§ 45-53-4. Procedure for approval of construction of low- or moderate-income housing.
(a) Any applicant proposing to build low- or moderate-income housing may submit to the local review board a single application for a comprehensive permit to build that housing in lieu of separate applications to the applicable local boards. This procedure is only available for proposals in which at least twenty-five percent (25%) of the housing is low- or moderate-income housing. The application and review process for a comprehensive permit shall be as follows:
(1) Submission requirements. Applications for a comprehensive permit shall include:
(i) A letter of eligibility issued by the Rhode Island housing and mortgage finance corporation, or in the case of projects primarily funded by the U.S. Department of Housing and Urban Development or other state or federal agencies, an award letter indicating the subsidy, or application in such form as may be prescribed for a municipal government subsidy; and
(ii) A written request to the local review board to submit a single application to build or rehabilitate low- or moderate-income housing in lieu of separate applications to the applicable local boards. The written request shall identify the specific sections and provisions of applicable local ordinances and regulations from which the applicant is seeking relief; and
(iii) A proposed timetable for the commencement of construction and completion of the project; and
(iv) A sample land lease or deed restriction with affordability liens that will restrict use as low- and moderate-income housing in conformance with the guidelines of the agency providing the subsidy for the low- and moderate-income housing, but for a period of not less than thirty (30) years; and
(v) Identification of an approved entity that will monitor the long-term affordability of the low- and moderate-income units; provided, that, on and after July 1, 2022, this entity shall include the Rhode Island housing resources commission established pursuant to chapter 128 of title 42 and acting through its monitoring agents, and these agents shall monitor the long-term affordability of the low- and moderate-income units pursuant to § 45-53-3.2; and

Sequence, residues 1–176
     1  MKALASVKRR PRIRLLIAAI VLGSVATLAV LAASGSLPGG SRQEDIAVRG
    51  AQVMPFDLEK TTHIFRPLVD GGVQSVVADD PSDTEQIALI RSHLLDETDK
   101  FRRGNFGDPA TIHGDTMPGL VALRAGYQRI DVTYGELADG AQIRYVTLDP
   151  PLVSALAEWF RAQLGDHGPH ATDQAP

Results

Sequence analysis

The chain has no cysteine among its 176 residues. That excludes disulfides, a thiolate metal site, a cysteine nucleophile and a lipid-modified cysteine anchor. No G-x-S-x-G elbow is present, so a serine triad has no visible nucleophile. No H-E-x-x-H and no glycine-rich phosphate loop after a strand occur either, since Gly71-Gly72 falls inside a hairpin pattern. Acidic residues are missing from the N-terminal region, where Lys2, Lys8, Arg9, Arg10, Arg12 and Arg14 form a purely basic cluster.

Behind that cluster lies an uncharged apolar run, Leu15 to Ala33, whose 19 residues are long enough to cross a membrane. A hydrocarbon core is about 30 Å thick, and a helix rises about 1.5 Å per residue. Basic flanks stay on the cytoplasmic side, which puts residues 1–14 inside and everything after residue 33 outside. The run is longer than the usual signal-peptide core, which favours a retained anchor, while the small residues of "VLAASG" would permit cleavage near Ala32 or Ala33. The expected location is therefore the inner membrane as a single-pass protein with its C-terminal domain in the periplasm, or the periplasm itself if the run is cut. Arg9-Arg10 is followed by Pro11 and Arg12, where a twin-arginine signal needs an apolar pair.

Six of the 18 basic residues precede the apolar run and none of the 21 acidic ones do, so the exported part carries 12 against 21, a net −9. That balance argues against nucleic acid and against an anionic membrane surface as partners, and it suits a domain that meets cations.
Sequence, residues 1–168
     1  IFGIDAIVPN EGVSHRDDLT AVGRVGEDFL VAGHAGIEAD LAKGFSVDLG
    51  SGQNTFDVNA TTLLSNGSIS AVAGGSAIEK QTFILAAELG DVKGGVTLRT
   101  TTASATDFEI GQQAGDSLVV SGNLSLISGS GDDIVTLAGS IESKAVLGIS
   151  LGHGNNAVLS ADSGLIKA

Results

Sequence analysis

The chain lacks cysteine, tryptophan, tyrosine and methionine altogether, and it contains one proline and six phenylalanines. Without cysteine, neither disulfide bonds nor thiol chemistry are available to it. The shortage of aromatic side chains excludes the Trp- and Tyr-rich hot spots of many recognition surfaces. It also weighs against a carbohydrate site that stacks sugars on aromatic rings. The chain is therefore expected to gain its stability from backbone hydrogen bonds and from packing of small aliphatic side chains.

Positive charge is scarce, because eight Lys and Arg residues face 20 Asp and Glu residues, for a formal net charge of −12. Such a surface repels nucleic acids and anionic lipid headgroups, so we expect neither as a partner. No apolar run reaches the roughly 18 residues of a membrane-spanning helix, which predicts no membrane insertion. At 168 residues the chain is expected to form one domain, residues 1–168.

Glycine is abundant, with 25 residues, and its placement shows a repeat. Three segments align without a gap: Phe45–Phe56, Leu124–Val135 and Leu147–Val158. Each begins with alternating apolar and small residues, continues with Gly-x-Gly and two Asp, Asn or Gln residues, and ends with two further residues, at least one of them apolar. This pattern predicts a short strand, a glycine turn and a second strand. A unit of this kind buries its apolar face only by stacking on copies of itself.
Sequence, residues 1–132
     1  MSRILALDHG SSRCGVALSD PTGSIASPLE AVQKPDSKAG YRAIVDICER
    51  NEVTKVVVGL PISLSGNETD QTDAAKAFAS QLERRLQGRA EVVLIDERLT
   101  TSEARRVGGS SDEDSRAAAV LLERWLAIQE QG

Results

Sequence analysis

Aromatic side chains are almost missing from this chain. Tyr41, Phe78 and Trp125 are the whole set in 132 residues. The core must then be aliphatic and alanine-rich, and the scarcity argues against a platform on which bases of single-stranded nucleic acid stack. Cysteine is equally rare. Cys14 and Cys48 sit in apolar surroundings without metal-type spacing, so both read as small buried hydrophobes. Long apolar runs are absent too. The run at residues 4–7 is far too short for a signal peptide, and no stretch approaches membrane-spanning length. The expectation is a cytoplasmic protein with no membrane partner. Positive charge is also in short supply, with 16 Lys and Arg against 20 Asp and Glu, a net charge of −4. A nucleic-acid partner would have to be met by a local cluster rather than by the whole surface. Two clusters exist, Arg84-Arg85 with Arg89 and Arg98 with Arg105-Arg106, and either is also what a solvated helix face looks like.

(vi) A financial pro-forma for the proposed development; and
(vii) For comprehensive permit applications: (A) Not involving major land developments or major subdivisions including, but not limited to, applications seeking relief from specific provisions of a local zoning ordinance, or involving administrative subdivisions, minor land developments or minor subdivisions, or other local ordinances and regulations: those items required by local regulations promulgated pursuant to applicable state law, with the exception of evidence of state or federal permits; and for comprehensive permit applications; and (B) Involving major land developments and major subdivisions, unless otherwise agreed to by the applicant and the town; those items included in the checklist for the master plan in the local regulations promulgated pursuant to § 45-23-40. Subsequent to master plan approval, the applicant must submit those items included in the checklist for a preliminary plan for a major land development or major subdivision project in the local regulations promulgated pursuant to § 45-23-41, with the exception of evidence of state or federal permits. All required state and federal permits must be obtained prior to the final plan approval or the issuance of a building permit; and
(viii) Municipalities may impose fees on comprehensive permit applications that are consistent with but do not exceed fees that would otherwise be assessed for a project of the same scope and type but not proceeding under this chapter, provided, however, that the imposition of such fees shall not preclude a showing by a nonprofit applicant that the fees make the project financially infeasible; and
(xi) Notwithstanding the submission requirements set forth above, the local review board may request additional, reasonable documentation throughout the public hearing, including, but not limited to, opinions of experts, credible evidence of application for necessary federal and/or state permits, statements and advice from other local boards and officials.
(2) Certification of completeness. The application must be certified complete or incomplete by the administrative officer according to the provisions of § 45-23-36; provided, however, that for a major land development or major subdivision, the certificate for a master plan shall be granted within twenty-five (25) days and for a preliminary plan shall be granted within twenty-five (25) days. The running of the time period set forth herein will be deemed stopped upon the issuance of a certificate of incompleteness of the application by the administrative officer and will recommence upon the resubmission of a corrected application by the applicant. However, in no event will the administrative officer be required to certify a corrected submission as complete or incomplete less than ten (10) days after its resubmission. If the administrative officer certifies the application as incomplete, the officer shall set forth in writing with specificity the missing or incomplete items.